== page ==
2. Akusai says:

    I’m not sure where we’d find great debunkings of classics like the Illuminati or the Rosicrucians or the Freemasons, merely because they’re so completely nebulous that they defy great debunkings. They’re building on so little that it’s hard to really grab hold of a few things and say “That’s not true.” Mostly what you can do is point and laugh, not unlike when someone says bigfoot hangs out with aliens.As for Paul McCartney, I think the strongest reason to believe that is because it would mean that it isn’t really one of the original Beatles who parades around with that mullet singing bland geezer-rock to pathetic baby boomers. That’s just the replacement.

  3. K.D. says:

    Cherry picking the data is a technique that debunkers also use, not just by conspiracy “buffs”. For instance, one of the commentors here claims that Oswald could have hit a moving target 3 times in 8 seconds (actually at least 4 shots were fired at Kennedy). However, Oswald’s vision of the Kennedy motorcade was obscured by the thick foliage of a large tree, so there’s no way he could have hit anything, let alone a moving target. Also, just because you believe in one or two conspiracies doesn’t mean that you believe in most or all conspiracies. It’s not an either/or proposition

  4. Akusai says:

    And here we see a fine example of “Argument by Question.””Here’s a perceived hole in the Oswald story, so there was a conspiracy.”No positive evidence has been presented for anything, just a problem with the prevailing theory, as if that proves something.

  5. Doubting Tom says:

    For instance, one of the commentors here claims that Oswald could have hit a moving target 3 times in 8 seconds (actually at least 4 shots were fired at Kennedy).Got a source for that last claim?However, Oswald’s vision of the Kennedy motorcade was obscured by the thick foliage of a large tree, so there’s no way he could have hit anything, let alone a moving target.Again, argument from ignorance: I can’t imagine how this could have happened, therefore it couldn’t have happened. Taking a quick look at a rendering of Dealey Plaza sure makes it look like Oswald’s perch was far enough above the large tree to make it a non-problem. If you’ve got some evidence to suggest otherwise, I’d be more than happy to examine it. Also, just because you believe in one or two conspiracies doesn’t mean that you believe in most or all conspiracies. It’s not an either/or propositionNor did anyone say it was. I’m lumping them all together to talk about their commonalities, not to suggest that every Roswell conspiracist also believes that the world is run by Jewish bankers in an underground bunker. However, it’s been my experience that a person who holds one set of unfounded, irrational beliefs is more likely to accept other unfounded, irrational beliefs. We see it all the time–UFO folks who are more than happy to believe in crystals and auras and cryptozoology, religious people who are prone to belief in ghosts and psychics, and so forth. Once you have rejected reason and evidence as your primary metrics for evaluating beliefs, you can fall for all sorts of stuff. And that applies to conspiracy theorists too; the way conspiracy theories tend to overlap is evidence of this. Once you’ve decided that 9/11 was an inside job, it’s not too much of a stretch to pin it on Skull and Bones or the Bilderbergers or the Freemasons or the Illuminati. Once you’ve decided that the government covered up alien spacecraft at Roswell, it’s not too much of a stretch to get to alien abductions and reptilian replicants. Take a quick look at the theories of folks like David Icke or half the posters on the JREF conspiracy forum: conspiracy theories can become like the Borg, assimilating other theories into increasingly unlikely and unwieldy epic stories. Sorry to everyone else, I’ll address your comments in the morning.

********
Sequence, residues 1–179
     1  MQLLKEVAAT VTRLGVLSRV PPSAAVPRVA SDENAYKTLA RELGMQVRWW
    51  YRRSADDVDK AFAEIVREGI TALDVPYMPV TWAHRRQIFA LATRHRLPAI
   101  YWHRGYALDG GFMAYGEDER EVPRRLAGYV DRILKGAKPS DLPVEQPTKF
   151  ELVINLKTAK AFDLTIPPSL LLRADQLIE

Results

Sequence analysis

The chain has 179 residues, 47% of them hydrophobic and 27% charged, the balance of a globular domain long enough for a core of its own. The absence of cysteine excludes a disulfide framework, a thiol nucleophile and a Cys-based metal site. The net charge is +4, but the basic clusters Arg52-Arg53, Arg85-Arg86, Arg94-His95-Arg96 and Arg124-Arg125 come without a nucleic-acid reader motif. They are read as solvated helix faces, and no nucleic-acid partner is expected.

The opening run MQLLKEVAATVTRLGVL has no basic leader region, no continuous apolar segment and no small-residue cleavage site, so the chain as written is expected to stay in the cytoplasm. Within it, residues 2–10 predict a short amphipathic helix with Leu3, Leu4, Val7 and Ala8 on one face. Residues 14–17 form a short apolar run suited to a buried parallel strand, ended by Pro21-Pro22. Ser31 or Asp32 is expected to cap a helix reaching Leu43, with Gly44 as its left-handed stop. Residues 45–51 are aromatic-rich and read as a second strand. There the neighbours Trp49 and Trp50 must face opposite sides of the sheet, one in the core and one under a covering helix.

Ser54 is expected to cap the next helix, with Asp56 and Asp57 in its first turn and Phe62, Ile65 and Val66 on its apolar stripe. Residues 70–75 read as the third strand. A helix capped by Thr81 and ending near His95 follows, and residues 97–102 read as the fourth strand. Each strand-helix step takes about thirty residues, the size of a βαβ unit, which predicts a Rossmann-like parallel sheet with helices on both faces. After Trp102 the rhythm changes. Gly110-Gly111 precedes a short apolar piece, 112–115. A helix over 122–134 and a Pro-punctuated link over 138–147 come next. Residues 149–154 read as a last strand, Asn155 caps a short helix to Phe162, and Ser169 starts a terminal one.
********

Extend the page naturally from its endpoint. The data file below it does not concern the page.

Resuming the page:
6. Jimmy_Blue says:

    K.D.Seriously, you’re going to accuse us of cherry picking?Check out the wikipedia page on the Kennedy assassination, which includes accounts from many eye witnesses. Including some from in the book depository. Who heard only 3 shots. Just like the overwhelming majority of eye witnesses that day.Whilst you are there, check out the picture showing the location Oswald took his shots from, and the size of the tree in front of the building. Yes I’m sure that completely obscured his view. But hey, don’t stop there, check out the picture taken from where Oswald took his shots. Look obscured to you?For instance, one of the commentors here claims that Oswald could have hit a moving target 3 times in 8 seconds (actually at least 4 shots were fired at Kennedy). Sorry you must have misunderstood me. I didn’t claim it, I stated it as fact based on my experience as a marksmanship coach. What exactly is your relevant experience in this area? Please also note that the moving target was moving slowly and away from Oswald (not across his field of vision, which would have made the shot more difficult but not impossible by any stretch), not difficult to hit at all with a telescopic sight and a distance of less than 200 hundred yards when you are a trained marksman. Sorry, you fail. I cherry picked nothing – you did, you even failed to note that it was not 3 shots in 8 seconds but two. The time starts after the first shot is fired. Perhaps if you didn’t cherry pick my post, you might not make yourself look so silly.However, Oswald’s vision of the Kennedy motorcade was obscured by the thick foliage of a large tree, so there’s no way he could have hit anything, let alone a moving target.Fail, for the reasons cited.Also, just because you believe in one or two conspiracies doesn’t mean that you believe in most or all conspiracies. It’s not an either/or propositionPerhaps not, but I remember arguing with an idiot called RedPill who did believe that Pearl Harbour, JFK and 9/11 were all linked together. Once you open the gates, the crap appears to flood in.